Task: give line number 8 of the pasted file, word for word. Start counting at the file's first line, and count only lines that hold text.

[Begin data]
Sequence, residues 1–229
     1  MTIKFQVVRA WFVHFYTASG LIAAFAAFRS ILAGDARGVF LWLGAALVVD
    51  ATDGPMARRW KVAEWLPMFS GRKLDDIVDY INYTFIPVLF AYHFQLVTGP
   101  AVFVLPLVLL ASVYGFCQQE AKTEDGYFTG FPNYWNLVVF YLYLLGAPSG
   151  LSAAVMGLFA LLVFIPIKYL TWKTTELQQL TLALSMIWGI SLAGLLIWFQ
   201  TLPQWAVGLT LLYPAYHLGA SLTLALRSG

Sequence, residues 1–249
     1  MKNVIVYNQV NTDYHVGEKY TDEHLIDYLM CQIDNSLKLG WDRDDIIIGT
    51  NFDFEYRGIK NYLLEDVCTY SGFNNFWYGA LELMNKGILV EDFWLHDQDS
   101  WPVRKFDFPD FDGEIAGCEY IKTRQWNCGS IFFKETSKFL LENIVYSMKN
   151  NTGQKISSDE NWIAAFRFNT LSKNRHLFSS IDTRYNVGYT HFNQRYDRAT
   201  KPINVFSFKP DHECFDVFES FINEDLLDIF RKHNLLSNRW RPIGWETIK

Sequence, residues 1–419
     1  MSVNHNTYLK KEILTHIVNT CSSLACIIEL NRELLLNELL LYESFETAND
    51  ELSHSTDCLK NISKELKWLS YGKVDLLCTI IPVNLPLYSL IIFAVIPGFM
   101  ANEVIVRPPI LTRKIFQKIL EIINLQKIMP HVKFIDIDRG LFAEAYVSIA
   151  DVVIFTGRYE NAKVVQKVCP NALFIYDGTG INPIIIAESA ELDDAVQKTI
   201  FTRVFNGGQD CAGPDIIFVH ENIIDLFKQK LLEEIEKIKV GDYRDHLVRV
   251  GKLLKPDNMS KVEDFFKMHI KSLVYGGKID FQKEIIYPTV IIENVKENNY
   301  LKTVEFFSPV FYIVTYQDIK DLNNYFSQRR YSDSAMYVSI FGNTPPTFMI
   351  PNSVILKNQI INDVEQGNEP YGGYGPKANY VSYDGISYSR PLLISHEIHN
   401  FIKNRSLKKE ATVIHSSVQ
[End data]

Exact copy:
     1  MKNVIVYNQV NTDYHVGEKY TDEHLIDYLM CQIDNSLKLG WDRDDIIIGT